Events and Exhibits Calendar

“Covid” art at the Jaffrey Civic Center

How do artists create in the year of Covid? For some artists, the fear of contracting Covid has affected them too deeply to create much, while others are wildly experimenting with new materials. Meanwhile, other artists are clearing out their studios, preparing for new work. To lessen the Covid contagion, many shows are exclusively online, but the Jaffrey Civic Center is having in-person exhibitions. The new shows in the upstairs Cunningham Gallery have work by three New Hampshire women artists that will be on view from Saturday Feb. 13th through March 27th. Linda Greenwood is from Peterborough, Susan Wadsworth lives in Rindge, and Elsa Voelcker had lived in Antrim before moving recently to Kingston.

As a photographer, Linda Greenwood has recently begun featuring her photographs in collages and mixed media projects. With more time at home, due to Covid restrictions, she‘s been able to pursue new ventures in art. Her new assemblages allow her to play with the juxtaposition of various images: from cast off metal parts from her local landfill to ribbons and laces and many things in between. The new trend in “steampunk” art is also fascinating: clock gears, antique jewelry, nails, and old skeleton keys are fair game.

Elsa Voelcker will be showing her earlier color works investigating the interior of flowers. She strives to portray their visual beauty and individual character. She likes to get close, exploring them much the way an insect might. Although she began her 50-year career working in black and white film making gelatin silver prints, when she began looking at flowers with a macro lens, her images became linked with the powerful communicatory capacity of color to convey a flower’s presence – a presence that is sensual, spiritual, and metaphoric.

These works shown in Jaffrey reveal the beauties of her Antrim garden. Her new house in Kingston is surrounded by large pines, thus it has less sun and few flowers at this time, but Voelcker intends to change that this summer. She is having a retrospective show beginning March 1st at the Thoreau Gallery at Franklin Pierce University; hence these are for the most part, her older work. You can find her nature cards for sale in bookstores around the state.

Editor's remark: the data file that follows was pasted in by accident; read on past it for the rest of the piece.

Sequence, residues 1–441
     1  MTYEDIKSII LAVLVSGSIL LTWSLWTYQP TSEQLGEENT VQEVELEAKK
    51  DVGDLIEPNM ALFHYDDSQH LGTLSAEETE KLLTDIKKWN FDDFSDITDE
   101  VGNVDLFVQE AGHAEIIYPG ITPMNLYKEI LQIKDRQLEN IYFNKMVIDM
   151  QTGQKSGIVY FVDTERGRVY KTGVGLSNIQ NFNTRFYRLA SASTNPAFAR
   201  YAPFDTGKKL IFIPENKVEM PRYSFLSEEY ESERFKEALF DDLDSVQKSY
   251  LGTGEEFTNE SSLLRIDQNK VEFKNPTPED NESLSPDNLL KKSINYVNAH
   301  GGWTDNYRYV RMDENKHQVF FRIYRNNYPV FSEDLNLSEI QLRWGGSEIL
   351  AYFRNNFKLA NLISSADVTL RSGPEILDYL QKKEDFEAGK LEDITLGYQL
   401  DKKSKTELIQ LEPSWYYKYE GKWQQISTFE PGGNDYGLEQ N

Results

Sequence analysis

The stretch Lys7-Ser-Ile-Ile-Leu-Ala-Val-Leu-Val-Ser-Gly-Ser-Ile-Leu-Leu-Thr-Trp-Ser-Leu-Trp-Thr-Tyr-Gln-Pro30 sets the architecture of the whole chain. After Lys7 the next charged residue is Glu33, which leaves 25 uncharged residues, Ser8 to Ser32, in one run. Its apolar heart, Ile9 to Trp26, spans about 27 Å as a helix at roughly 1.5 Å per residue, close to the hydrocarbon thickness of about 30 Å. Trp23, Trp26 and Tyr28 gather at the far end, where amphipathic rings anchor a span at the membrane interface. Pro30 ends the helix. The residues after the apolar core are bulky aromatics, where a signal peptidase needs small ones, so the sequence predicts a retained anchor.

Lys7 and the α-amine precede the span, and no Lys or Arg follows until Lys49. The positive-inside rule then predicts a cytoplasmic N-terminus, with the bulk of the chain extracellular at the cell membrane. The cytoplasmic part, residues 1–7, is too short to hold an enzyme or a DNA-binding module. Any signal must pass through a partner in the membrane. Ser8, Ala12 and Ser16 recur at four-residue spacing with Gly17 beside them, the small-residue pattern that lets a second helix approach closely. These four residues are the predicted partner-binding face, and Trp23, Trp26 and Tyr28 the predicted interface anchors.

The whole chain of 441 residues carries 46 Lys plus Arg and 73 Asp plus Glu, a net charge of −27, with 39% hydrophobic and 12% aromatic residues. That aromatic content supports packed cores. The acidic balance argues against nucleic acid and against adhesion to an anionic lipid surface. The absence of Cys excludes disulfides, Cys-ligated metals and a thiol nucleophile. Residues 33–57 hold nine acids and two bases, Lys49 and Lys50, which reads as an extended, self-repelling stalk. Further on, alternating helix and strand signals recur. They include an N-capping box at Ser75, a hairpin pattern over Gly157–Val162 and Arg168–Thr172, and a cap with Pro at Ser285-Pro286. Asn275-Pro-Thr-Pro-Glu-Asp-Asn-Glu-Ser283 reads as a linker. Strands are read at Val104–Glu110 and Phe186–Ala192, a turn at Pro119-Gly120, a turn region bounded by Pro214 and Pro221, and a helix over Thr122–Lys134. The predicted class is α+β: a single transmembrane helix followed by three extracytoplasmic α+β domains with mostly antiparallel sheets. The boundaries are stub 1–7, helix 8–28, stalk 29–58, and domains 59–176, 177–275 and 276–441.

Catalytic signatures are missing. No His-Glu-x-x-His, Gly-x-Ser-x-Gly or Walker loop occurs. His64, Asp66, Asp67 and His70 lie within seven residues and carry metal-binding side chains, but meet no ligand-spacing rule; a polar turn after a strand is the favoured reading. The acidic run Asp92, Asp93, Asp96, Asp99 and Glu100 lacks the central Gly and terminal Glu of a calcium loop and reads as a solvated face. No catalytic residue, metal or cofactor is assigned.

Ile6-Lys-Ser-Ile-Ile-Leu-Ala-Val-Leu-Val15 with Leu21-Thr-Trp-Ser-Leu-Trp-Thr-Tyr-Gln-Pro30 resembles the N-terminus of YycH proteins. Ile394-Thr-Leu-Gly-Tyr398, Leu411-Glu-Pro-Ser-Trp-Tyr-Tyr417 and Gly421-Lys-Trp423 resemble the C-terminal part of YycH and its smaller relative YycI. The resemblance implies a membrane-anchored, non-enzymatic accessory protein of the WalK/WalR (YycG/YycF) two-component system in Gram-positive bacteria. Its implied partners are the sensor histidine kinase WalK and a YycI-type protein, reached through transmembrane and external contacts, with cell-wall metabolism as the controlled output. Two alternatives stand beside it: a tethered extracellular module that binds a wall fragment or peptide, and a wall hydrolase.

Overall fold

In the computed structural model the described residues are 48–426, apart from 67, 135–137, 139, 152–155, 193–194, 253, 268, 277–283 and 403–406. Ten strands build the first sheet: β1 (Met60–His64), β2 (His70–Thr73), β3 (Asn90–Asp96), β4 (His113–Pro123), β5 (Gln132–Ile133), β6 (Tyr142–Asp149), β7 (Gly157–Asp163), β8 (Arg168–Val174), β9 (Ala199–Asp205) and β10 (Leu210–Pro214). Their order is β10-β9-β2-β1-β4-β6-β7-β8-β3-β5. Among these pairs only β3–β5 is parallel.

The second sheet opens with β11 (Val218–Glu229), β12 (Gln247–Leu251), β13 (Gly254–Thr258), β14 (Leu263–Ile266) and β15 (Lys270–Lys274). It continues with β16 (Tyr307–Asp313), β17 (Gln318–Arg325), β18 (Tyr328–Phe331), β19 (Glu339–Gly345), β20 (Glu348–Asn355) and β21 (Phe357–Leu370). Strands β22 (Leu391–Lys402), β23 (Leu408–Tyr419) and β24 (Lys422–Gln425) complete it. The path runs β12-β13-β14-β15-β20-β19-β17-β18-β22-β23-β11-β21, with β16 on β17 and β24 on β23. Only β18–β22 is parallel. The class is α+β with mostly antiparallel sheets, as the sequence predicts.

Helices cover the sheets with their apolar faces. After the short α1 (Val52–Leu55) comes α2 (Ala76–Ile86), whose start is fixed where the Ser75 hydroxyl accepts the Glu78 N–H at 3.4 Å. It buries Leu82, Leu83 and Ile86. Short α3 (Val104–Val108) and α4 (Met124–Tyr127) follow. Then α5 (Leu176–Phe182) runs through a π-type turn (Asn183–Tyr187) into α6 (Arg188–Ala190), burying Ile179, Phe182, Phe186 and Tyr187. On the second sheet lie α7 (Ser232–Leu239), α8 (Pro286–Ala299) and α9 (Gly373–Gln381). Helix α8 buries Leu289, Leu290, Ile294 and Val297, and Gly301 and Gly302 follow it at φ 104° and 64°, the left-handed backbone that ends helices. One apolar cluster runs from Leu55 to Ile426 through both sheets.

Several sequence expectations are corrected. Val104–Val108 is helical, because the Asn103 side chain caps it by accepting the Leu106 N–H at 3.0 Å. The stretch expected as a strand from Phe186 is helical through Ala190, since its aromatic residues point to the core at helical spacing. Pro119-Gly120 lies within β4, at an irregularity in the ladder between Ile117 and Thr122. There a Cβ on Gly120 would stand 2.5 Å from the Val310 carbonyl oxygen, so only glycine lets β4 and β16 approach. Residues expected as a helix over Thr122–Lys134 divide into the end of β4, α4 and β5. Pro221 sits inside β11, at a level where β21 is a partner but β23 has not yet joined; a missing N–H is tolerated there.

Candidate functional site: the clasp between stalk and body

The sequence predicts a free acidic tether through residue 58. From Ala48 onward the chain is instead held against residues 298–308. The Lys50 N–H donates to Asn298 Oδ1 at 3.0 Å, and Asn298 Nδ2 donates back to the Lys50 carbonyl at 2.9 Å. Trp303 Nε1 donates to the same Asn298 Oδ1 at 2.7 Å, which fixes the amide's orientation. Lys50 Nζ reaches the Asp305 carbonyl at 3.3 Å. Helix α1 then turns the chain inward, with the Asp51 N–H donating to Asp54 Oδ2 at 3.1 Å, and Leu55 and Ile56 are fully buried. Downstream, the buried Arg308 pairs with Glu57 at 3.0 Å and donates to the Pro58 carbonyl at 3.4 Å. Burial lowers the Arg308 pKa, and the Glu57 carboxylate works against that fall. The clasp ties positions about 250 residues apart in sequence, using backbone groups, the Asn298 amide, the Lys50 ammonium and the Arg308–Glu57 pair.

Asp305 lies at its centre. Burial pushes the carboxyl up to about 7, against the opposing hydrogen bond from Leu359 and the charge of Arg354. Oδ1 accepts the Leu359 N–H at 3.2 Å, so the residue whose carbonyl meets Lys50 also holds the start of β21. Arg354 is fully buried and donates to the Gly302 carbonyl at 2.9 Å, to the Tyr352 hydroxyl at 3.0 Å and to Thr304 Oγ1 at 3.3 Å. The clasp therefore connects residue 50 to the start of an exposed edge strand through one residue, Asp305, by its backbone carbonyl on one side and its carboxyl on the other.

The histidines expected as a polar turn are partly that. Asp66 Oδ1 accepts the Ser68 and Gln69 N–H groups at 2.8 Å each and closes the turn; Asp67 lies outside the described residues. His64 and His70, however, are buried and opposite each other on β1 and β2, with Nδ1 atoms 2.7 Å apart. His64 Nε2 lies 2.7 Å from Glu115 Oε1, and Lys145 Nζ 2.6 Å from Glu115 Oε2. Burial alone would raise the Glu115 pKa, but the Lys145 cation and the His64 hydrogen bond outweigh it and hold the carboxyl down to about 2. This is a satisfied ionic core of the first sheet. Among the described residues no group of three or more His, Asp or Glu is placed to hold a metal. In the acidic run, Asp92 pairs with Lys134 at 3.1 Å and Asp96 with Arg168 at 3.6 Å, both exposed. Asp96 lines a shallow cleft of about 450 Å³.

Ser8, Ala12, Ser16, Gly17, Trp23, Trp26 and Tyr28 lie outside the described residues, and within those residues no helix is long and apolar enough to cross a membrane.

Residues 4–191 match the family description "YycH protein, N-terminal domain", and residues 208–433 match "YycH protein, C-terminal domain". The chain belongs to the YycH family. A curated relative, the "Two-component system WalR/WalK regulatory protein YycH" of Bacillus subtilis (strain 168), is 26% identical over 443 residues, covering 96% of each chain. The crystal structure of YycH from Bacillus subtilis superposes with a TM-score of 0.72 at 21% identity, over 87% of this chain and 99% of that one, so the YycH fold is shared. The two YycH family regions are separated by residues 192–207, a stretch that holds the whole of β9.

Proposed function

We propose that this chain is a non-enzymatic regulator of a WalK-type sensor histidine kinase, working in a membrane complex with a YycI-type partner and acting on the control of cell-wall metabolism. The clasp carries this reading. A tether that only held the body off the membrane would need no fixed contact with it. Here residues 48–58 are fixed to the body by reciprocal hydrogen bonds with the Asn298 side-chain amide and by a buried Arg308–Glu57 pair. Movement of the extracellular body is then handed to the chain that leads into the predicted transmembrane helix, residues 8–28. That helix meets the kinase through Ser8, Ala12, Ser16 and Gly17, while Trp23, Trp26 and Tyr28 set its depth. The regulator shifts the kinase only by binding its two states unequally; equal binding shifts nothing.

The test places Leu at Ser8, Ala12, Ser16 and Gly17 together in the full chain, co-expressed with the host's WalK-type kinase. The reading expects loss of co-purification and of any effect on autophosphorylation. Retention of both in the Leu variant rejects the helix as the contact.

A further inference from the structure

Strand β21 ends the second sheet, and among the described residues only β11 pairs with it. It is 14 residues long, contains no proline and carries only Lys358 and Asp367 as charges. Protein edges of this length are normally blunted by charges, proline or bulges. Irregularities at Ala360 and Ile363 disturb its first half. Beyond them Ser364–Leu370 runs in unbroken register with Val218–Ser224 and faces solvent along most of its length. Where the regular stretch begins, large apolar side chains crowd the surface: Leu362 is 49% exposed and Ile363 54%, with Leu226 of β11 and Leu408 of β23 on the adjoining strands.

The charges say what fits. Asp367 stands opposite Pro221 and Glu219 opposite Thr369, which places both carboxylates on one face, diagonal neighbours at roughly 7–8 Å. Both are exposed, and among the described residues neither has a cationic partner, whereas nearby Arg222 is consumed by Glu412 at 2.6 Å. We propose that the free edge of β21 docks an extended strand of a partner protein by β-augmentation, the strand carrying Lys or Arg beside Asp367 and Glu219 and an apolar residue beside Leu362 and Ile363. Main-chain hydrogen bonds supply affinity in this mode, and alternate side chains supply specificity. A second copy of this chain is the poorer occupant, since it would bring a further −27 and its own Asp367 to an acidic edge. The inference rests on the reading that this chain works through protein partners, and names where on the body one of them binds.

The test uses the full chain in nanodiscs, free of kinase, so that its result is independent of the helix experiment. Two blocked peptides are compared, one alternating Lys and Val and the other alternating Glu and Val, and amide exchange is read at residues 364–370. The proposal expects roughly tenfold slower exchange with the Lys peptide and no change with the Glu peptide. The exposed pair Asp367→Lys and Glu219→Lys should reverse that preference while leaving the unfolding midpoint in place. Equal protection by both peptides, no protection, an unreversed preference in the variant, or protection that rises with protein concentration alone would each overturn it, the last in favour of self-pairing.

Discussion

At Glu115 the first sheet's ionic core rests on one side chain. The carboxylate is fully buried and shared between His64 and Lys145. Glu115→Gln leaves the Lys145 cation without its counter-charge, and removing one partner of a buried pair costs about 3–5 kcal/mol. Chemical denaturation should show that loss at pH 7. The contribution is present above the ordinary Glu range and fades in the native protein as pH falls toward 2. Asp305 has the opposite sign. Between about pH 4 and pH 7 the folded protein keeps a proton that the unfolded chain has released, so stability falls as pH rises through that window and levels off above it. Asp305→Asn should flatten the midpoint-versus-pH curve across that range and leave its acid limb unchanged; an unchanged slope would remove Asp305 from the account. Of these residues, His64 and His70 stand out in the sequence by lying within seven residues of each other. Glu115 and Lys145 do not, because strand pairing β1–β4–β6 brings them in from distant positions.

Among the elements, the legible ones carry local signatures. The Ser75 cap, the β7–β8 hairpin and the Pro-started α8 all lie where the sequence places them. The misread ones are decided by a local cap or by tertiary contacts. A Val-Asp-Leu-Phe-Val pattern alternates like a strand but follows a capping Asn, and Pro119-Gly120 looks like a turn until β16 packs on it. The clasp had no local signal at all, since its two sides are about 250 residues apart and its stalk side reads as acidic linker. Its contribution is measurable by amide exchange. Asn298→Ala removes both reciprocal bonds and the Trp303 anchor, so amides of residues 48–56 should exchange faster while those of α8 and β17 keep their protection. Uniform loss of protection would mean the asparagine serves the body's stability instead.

The third artist, Susan Wadsworth, has begun to work even larger than usual. For her, the Covid pandemic meant that she had day after day to work in her Rindge studio, pioneering extra-large works. She has two works in the second gallery that are over ten feet wide. Stretched across two large walls in the second gallery, these look as if they are oil on canvas. However, they are pastel and ink on paper, blending the abstraction of the Japanese with the Early American Modernists like Georgia O’Keeffe. Magical Spring is based on the hills of southern Vermont, with the colors and light changing with spring and the winding of the Battenkill River. Japanese Garden, Silver Pavilion, Kyoto is an abstraction of a famous garden in Japan. These are bold and experimental pieces, and she will be interested in getting feedback from visitors. A catalog from her last JCC show in 2019 will also be available for sale.

The Jaffrey Civic Center is open 12-5 Wed-Friday, 10-2 on Saturday. It is located at 40 Main Street, Jaffrey NH; 603-532-6527. Limits may still be placed upon the number of persons in the galleries, the use of masks and social distancing, will be upheld. So stay tuned.

Daydreaming: Mixed Media by Laura Blackmer and Mary Ann Sullivan

Sometimes our best ideas come to us when we’re daydreaming. Temple artist Mary Ann Sullivan joins Peterborough artist Laura Blackmer to exhibit their work in the Auditorium Gallery through March 20th. Inspired by daydreams and the surrounding landscape, Mary Ann’s tranquil abstracts and Laura’s ethereal foggy landscapes transport you to another place after a tumultuous year. Both artists work in a wide range of media, showcasing their encaustic, oil, acrylic, and mixed media pieces in this exhibition.

 

  • Laura Blackmer graduated from Franklin Pierce University in 2016 with a BA in Fine Arts and Psychology. There she discovered a love for many mediums, and has continued to explore and experiment since. Inspired by the natural world, she aims to bring a dream-like quality and new perspective to the landscape with elements of texture and depth. 
  • Mary Ann Sullivan: Mary Ann is originally from the Chicago area, and worked for many years as an interior designer. Upon retiring, Mary Ann realized her passion for painting, and now creates beautiful, affordable works that enable viewers to find their own interpretation.

Valentines – A History of Love

The Jaffrey Civic Center and the Jaffrey Historical Society join forces to display antique and historic valentines from area collections. Each is beautiful and unique, and some have been cared for so well that they look brand-new! The historical context of the valentines gives them an extra level of meaning. During a time of COVID cloistering and dark winter days, come and enjoy a very safe walk-through exhibit at the Center. The show begins January 30 and runs through February 27, 2021.

 

Samples from Past Exhibits:

 

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